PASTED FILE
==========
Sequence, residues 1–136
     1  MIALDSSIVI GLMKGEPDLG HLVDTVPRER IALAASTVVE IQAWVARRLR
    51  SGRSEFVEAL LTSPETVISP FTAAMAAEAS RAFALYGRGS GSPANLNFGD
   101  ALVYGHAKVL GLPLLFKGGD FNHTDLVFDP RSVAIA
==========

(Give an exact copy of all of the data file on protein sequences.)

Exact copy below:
Sequence, residues 1–136
     1  MIALDSSIVI GLMKGEPDLG HLVDTVPRER IALAASTVVE IQAWVARRLR
    51  SGRSEFVEAL LTSPETVISP FTAAMAAEAS RAFALYGRGS GSPANLNFGD
   101  ALVYGHAKVL GLPLLFKGGD FNHTDLVFDP RSVAIA